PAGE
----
All the things you’re asked when you tell people you went to Rugby

No, I’m not really posh


The town of Rugby is pretty unprepossessing. It’s an old Victorian railway town, and the high street consists of charity shops, various pound stretchers and two Wetherspoons. When my parents moved to Rugby, the chief attractions were the fact that it is very easy to get into, or more importantly away from, and there is quite a nice school there.

The school itself, according to the website, is ‘one of the most popular co-ed schools in the country’, and they pride themselves on giving pupils a chance to try everything, from making a table, to playing the bagpipes, to taking up fencing. It’s probably because of this that people have a lot of preconceptions about it, and when I tell people I went there, I get asked a lot of ridiculous questions. These are just a few of my faves:

“Is your school basically Hogwarts?”

I wish it was. There are some similarities; we sleep at school, wear a silly uniform and we get put in detention for breaking the rules. Other than that, it’s pretty standard: chapel, lessons, break, lessons, lunch, sport, prep, sleep. Exactly the same as any other boarding school, but we have really nice buildings and a sport named after us.

Chapel 3/4 of the week and loving it!

Chapel 3/4 of the week and loving it!

“So do you play rugby then?”

In one word, no. At Rugby, ‘the whole person is the whole point’, a suitably ambiguous strapline that means that you can get away with doing a bit of everything and trying to ignore the things you don’t like. Although the three afternoons of mandatory sport a week aren’t great if sport isn’t your thing, and there is nothing more miserable than standing on a netball pitch in the sleet when you really really don’t want to be there.

During the World Cup, we decided to tell the world that we don’t actually call it Rugby, we call it Rugby Football (or just football) and actual football is referred to as soccer. For the record, we do neither of these.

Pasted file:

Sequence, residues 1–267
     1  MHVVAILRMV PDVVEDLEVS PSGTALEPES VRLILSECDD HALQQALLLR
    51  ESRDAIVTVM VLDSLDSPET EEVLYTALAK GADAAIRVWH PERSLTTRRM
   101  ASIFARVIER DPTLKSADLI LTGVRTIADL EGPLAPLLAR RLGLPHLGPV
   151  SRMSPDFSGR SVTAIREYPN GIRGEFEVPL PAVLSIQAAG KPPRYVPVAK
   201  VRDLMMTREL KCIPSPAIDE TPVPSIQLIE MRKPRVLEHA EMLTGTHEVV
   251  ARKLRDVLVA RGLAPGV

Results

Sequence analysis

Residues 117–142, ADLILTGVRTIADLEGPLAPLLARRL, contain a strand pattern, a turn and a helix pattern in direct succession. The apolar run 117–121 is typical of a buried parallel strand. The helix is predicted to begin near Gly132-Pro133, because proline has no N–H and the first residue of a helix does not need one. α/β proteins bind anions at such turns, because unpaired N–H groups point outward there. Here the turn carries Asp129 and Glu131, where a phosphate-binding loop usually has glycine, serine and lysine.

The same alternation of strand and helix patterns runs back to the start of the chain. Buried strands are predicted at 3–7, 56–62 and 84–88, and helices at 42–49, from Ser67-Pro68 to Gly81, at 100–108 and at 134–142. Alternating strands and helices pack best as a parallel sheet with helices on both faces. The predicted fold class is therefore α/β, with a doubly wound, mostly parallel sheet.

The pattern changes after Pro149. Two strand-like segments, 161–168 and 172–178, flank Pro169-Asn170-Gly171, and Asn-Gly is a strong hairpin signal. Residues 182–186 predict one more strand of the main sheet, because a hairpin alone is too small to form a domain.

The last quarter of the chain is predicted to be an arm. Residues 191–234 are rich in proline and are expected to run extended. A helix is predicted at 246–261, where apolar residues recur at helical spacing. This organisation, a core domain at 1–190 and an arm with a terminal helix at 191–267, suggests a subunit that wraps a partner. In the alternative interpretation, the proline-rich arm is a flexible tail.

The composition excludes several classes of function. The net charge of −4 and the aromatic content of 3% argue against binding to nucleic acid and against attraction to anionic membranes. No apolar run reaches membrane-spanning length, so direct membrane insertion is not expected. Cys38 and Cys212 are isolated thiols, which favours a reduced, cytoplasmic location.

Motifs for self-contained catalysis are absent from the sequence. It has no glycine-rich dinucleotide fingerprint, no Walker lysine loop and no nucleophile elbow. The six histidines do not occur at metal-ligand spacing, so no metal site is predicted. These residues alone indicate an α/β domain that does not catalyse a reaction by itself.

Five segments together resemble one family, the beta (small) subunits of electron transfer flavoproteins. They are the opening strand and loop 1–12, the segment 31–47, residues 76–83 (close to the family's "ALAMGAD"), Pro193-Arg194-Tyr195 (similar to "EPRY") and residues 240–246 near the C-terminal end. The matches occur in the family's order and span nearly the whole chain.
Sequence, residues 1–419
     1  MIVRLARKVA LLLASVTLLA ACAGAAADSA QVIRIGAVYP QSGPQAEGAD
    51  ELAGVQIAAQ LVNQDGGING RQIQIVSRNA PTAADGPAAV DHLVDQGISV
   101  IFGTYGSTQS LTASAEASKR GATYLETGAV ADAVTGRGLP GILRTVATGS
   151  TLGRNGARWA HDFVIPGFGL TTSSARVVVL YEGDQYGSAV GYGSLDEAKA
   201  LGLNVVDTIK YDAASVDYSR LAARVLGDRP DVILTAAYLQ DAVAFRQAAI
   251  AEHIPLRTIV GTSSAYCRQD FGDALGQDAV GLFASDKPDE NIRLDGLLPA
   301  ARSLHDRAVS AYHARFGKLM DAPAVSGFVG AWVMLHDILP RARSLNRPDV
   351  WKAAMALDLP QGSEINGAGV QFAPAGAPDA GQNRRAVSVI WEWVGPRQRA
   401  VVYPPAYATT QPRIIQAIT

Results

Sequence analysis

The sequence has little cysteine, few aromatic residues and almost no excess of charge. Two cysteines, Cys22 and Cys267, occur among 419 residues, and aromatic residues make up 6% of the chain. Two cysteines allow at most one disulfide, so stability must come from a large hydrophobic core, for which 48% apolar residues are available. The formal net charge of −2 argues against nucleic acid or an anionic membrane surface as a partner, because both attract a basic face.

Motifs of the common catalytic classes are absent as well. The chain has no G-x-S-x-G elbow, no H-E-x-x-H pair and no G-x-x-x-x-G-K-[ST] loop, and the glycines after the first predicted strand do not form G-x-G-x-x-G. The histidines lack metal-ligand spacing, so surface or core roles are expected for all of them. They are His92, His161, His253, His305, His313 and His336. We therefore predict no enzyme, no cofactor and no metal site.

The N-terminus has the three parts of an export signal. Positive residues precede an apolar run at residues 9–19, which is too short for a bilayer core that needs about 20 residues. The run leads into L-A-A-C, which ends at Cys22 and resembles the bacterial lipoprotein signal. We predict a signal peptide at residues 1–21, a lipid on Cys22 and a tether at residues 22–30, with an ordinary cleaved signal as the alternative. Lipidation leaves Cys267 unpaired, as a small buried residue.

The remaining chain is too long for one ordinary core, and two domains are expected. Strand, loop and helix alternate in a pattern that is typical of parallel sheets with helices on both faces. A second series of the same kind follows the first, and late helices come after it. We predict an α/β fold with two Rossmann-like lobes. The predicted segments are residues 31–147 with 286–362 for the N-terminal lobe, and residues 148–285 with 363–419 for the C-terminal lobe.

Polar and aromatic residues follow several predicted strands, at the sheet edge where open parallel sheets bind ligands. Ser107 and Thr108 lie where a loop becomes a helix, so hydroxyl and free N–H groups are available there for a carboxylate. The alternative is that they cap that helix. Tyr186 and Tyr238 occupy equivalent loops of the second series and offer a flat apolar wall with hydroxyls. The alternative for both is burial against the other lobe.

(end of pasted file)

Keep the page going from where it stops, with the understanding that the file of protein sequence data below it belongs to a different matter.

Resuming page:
Nothing quite beats the 6th Netball team

Nothing quite beats the sixth netball team

“Do you have a special word for everything?”

There is a lot of school slang at Rugby. They like to make it as inaccessible to outsiders as possible, hence the year group names; F, E and D block, which is years nine, 10 and 11 for normal people. It doesn’t end there. What break time would be complete without a trip to stodge to get cookies to fuel your post-toast stroll around the close and across the porridge to your LXX Divination lesson in school 10? Careful not to walk on the grass though, or it could be a minor, or even a gation, because then you might have to miss bar.

Nothing says fun like spending the first Saturday night of December in an unheated tent dressed as a tree....

Nothing says fun like spending the first Saturday night of December in an unheated tent dressed as a tree….

“Hang on, doesn’t your school have a night club in it?”

Ah, so you’ve read that article. It’s not a club – yeah, it’s a room with lots of people in it and music is playing. We could have two drinks, which was either wine from a jar, Woodpecker Cider or low alcohol beer, but with all the lights on and members of staff enforcing the six inch rule. So really not a club. Mind you, as a seventeen year old stuck in school over the weekend, it’s better than another Dominos and film night, and it’s always good to be up on the gossip in chapel on Sunday morning.

Essentially, Rugby is, in many ways and archetypal posh school, and, as with any posh school, there are some knobs. But for the majority, they are actually normal people. As soon as we head out into the ‘real world’, for the most part we are just like anyone else, but we just have posh accents and went to school with at least one member of the Royal Family.